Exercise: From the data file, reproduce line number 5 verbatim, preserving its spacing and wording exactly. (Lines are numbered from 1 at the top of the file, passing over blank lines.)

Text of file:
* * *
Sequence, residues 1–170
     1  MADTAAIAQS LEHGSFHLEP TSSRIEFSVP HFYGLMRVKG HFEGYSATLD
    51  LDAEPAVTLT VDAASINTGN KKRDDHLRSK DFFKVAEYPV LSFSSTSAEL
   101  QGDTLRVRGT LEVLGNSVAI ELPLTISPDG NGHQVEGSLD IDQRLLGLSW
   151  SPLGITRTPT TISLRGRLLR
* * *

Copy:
   151  SPLGITRTPT TISLRGRLLR